A group of doctors and data scientists is calling on hospitals to create clinical departments devoted to artificial intelligence to harness the power of the technology to transform patient care.
While there have been many predictions of AI’s potential to benefit health care delivery—from helping doctors perform surgery to catching cancer earlier—the technology’s benefits so far have been blunted by inconsistent implementation, the researchers say. They outline a plan to make hospitals “AI ready,” in a way they say would enhance both patient care and medical research.
AI in Health Care
UVA Health’s Dr. David J. Stone and colleagues from several other major medical centers outlined their plan in a new article in the scientific journal BMJ Health & Care Informatics that was highlighted in the July 22 issue of the STAT health news site’s Healthtech newsletter. They begin by offering a frank assessment of the current integration of AI in health care: “The reality of the available evidence increasingly leaves little room for optimism,” they write. “There is a stark contrast between the lack of concrete penetration of AI in medical practice and the expectations set by the presence of AI in our daily life.”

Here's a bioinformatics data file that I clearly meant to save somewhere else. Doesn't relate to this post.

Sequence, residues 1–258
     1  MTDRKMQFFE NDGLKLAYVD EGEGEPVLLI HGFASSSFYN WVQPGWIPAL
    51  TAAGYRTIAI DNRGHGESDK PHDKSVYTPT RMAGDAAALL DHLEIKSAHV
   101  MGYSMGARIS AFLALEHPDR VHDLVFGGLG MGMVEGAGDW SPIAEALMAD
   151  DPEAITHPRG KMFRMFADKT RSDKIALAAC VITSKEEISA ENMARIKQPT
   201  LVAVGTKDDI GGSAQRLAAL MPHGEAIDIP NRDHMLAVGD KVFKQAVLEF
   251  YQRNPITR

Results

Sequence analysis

The authors are particularly concerned that the implementation of artificial intelligence into health care not be burdened by problems that have accompanied the use of electronic health records. Many clinicians have complained that electronic health records were poorly designed to fit into their workflows and have added greatly to their documentation burden while distracting them from their patients. (Dr. Atul Gawande, a surgeon, has opined, “We’ve reached a point where people in the medical profession actively, viscerally, volubly hate their computers.”)
The disorganization that is holding back AI’s potential in health care must be addressed systematically, the authors